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On October 29, 2018, Canada became fifth country to ratify the Comprehensive and Progressive Agreement for Trans-Pacific Partnership (the “CPTPP”), joining Mexico (June 28, 2018), Japan (July 6, 2018), Singapore (July 19, 2018), and New Zealand (October 25, 2018).

Canada’s ratification meant that only one other country needed to ratify the agreement to trigger implementation of the CPTPP. Fortunately, Canada did not have to wait very long because on October 30, 2018 Australia became the sixth country to ratify the CPTTP, triggering a 60-day countdown to the implementation of the agreement on December 30, 2018.

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With US President Donald Trump hinting that he may withdraw his country from the North American Free Trade Agreement (“NAFTA”), many are starting to consider what the effects that such a withdrawal would have on goods and services crossing North American borders.

What has not been widely reported is the expected effect on business immigration (e.g., US and/or Mexican nationals seeking temporary entry into Canada for business or investment purposes).

Chapter 16 of NAFTA currently allows citizens of the US and Mexico (i.e. who are not Canadian residents) to enter Canada as a “business visitor” for temporary business or investment purposes, and stay in Canada for up to six months – all without a “work permit”. To qualify under these business visitor provisions, a traveller must be entering Canada for the purposes of engaging in qualifying activities (which include conferences, trade-shows, conventions, and business meetings for taking orders or negotiating contracts for goods or services for certain enterprises).  (For a complete list of permissible activities, click here).

So what happens if NAFTA disappears overnight?

Some other options would still be available for business travellers needing to enter Canada temporarily.

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In AG v. Bri-Chem Supply Ltd. et al. (2016 FCA 257), the Federal Court of Appeal (FCA) reproached the Canadian Border Services Agency (“CBSA”) for administrative practices that amounted to an abuse of process.

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The Supreme Court of Canada rendered its first decision on the Customs Tariff in Canada v.Igloo Vikski Inc. (2016 SCC 38).  The decision provides guidance on applying the General Rules for the Interpretation of the Harmonized System (“General Rules”), particularly in the context of how the General Rules inform one another.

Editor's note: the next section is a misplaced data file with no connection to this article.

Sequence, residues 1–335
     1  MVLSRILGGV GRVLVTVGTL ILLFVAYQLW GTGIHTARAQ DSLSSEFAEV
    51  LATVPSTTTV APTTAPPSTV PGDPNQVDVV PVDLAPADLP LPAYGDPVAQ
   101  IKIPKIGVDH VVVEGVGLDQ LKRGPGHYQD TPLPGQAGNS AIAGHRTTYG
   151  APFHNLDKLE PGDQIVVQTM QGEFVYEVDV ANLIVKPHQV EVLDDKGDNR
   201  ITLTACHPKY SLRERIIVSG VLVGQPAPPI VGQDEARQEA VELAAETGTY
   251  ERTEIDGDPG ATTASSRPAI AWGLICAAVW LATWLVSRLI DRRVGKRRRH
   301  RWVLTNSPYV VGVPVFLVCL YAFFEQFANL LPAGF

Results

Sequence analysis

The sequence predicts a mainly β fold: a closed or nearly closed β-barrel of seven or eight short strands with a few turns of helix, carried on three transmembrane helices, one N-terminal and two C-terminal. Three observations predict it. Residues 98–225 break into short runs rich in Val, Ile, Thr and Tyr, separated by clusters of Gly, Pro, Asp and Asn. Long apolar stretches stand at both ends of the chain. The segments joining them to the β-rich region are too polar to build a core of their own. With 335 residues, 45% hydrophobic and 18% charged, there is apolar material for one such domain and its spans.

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The recent Federal Court case Saad v CBSA (2016 FC 1382) is a cautionary tale in two respects.

 

In the first place, it is a reminder that travellers who are found not to have properly declared imported goods, risk having their vehicle seized by the Canadian Border Services Agency (“CBSA”), which has a broad range of powers under the Customs Act.

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In Kashefi v Canada Border Services Agency (2016 FC 1204), the Federal Court suggested that travellers going to the United States with their prescription drugs should verify whether their medication is a controlled drug.  In the event that a traveller’s medication is a controlled drug, the traveller should be sure to keep the medication in its original pharmacy or hospital packaging, travel with less than a 30 day supply, and if entering Canada declare the medication to a customs officer.

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The liberalization of Canada’s trade policies over the years has now lead to a situation where goods may often be capable of being imported to Canada on a duty free basis under Canada’s most favoured nation (MFN) tariff, without needing the benefits of Canada’s various preferential trade agreements (PTAs) like the NAFTA.

A problem arises, however, when after importing such goods on the basis of the MFN tariff, an importer discovers, or is assessed, on the basis that the original tariff classification was incorrect.   The problem specifically arises where, more than one year has passed from the original date of accounting, and the new “correct” tariff classification is duty-positive under MFN.  

In Canada Border Services Agency’s (CBSA) historic view of these situations, an importer is obliged to correct the tariff classification and treatment under s. 32.2(2) of the Customs Act, and pay the required MFN duties owing (with no application of the relevant PTA).  CBSA has historically denied application of PTA benefits in these situations on the basis that PTA refunds are usually limited to one year from accounting: see for example section 74(3)(b)(ii) of the Customs Act.

CBSA’s historic practice has been overturned by the Canadian International Trade Tribunal (CITT) in the recent decision in Bri-Chem Supply Ltd. v. CBSA ((October 2, 2015) AP-2014-017 (CITT)).

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An undisclosed agency exists if an agent enters into a contract with a third party on behalf of a principal, but does not reveal to the third party either the identity of the principal or the fact that the agent is acting on behalf of any principal.

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